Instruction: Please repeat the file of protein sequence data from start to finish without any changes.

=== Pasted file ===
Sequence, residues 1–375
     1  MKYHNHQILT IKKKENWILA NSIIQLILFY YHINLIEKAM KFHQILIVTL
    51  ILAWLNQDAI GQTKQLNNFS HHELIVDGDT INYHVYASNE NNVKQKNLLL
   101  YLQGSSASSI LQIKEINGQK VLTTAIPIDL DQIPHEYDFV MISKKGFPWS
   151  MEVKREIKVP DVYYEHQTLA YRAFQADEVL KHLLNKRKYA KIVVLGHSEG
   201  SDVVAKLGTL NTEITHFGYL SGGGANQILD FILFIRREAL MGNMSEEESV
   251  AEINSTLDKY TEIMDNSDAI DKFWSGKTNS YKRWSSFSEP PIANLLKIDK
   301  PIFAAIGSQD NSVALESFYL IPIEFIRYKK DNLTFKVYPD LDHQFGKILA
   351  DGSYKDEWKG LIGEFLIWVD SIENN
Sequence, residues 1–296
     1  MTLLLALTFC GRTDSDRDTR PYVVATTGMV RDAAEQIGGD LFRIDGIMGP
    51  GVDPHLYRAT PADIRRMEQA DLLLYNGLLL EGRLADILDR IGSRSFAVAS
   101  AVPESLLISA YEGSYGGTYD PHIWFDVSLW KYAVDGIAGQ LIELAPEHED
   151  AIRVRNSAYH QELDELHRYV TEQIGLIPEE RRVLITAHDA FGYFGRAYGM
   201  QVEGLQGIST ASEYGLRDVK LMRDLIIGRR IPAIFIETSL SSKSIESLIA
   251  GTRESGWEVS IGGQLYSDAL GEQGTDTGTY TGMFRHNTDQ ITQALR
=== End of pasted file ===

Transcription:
Sequence, residues 1–375
     1  MKYHNHQILT IKKKENWILA NSIIQLILFY YHINLIEKAM KFHQILIVTL
    51  ILAWLNQDAI GQTKQLNNFS HHELIVDGDT INYHVYASNE NNVKQKNLLL
   101  YLQGSSASSI LQIKEINGQK VLTTAIPIDL DQIPHEYDFV MISKKGFPWS
   151  MEVKREIKVP DVYYEHQTLA YRAFQADEVL KHLLNKRKYA KIVVLGHSEG
   201  SDVVAKLGTL NTEITHFGYL SGGGANQILD FILFIRREAL MGNMSEEESV
   251  AEINSTLDKY TEIMDNSDAI DKFWSGKTNS YKRWSSFSEP PIANLLKIDK
   301  PIFAAIGSQD NSVALESFYL IPIEFIRYKK DNLTFKVYPD LDHQFGKILA
   351  DGSYKDEWKG LIGEFLIWVD SIENN
Sequence, residues 1–296
     1  MTLLLALTFC GRTDSDRDTR PYVVATTGMV RDAAEQIGGD LFRIDGIMGP
    51  GVDPHLYRAT PADIRRMEQA DLLLYNGLLL EGRLADILDR IGSRSFAVAS
   101  AVPESLLISA YEGSYGGTYD PHIWFDVSLW KYAVDGIAGQ LIELAPEHED
   151  AIRVRNSAYH QELDELHRYV TEQIGLIPEE RRVLITAHDA FGYFGRAYGM
   201  QVEGLQGIST ASEYGLRDVK LMRDLIIGRR IPAIFIETSL SSKSIESLIA
   251  GTRESGWEVS IGGQLYSDAL GEQGTDTGTY TGMFRHNTDQ ITQALR